PRIDE DENTED: Bundaberg's Felise Kaufusi in Perth for game two on Sunday night.
PRIDE DENTED: Bundaberg's Felise Kaufusi in Perth for game two on Sunday night. DAVE HUNT

KEEP STATUS QUO: Antonio has his say after game two

LEAGUE: Former Maroon Antonio Kaufusi believes Queensland selectors should not make too many changes despite the side's worst loss in years on Sunday night.

The State of Origin series is heading to New South Wales for a deciding match on July 10 after the Blues smashed Queensland 38-6 in Perth to level the series.

Blues centre Tom Trbojevic scored a hat-trick as New South Wales recorded its biggest win in 2005.

Antonio's brother, Felise Kaufusi, also a Bundy product, was one of the shining lights for the Maroons team, playing well in defence and gaining more than 100m with the ball.

But Antonio said he had expected the result.

"I felt in the lead-up we were going to get smashed,” he told the NewsMail.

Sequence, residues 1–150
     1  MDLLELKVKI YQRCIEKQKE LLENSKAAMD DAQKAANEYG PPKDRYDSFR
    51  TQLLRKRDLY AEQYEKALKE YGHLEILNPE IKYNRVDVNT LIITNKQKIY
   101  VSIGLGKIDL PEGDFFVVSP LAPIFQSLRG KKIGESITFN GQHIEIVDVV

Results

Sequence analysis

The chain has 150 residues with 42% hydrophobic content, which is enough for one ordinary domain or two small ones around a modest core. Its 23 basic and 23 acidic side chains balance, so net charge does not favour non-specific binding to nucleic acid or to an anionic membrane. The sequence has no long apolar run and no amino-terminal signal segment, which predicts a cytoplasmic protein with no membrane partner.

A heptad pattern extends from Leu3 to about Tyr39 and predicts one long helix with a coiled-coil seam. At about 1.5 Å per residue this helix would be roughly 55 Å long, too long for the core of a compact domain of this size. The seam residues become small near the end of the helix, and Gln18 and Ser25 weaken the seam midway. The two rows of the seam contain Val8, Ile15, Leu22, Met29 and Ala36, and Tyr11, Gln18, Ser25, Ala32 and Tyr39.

"It's a danger game for the other team, trying to wrap it up, as the other team will want it more to stay alive.

"I thought that the changes (NSW) made would see them fight and claw their way to victory, which they did.”

Antonio said while the squad was outplayed there was one area that hurt the team the most.

"I thought we lacked that punch in the forwards,” he said.

"New South Wales were a mobile team that had good leg speed.

"They were up in our faces and we didn't have that leg speed that got us going.”

Antonio said the changes he would make involved both Jai Arrow and Joe Ofahengaue.

If both were fit after being injured for game two, he'd have them coming back.

"We missed someone of (Arrow's) calibre,” he said.

"The leg speed and the quick play the ball was something we lacked and he provided it.

"We lost a lot of go going forward.”

Antonio said Brad Fittler's decision at the selection table to make seven changes was a masterstroke.

But he was confident Maroons coach Kevin Walters had the squad capable of getting the job done without doing the same.

"A lot of players really disappointed,” he said.

"But it could be a blessing in disguise.

"The pride has been dented so usually they naturally expect to fire in the next game.”

MORE: PAGE 26



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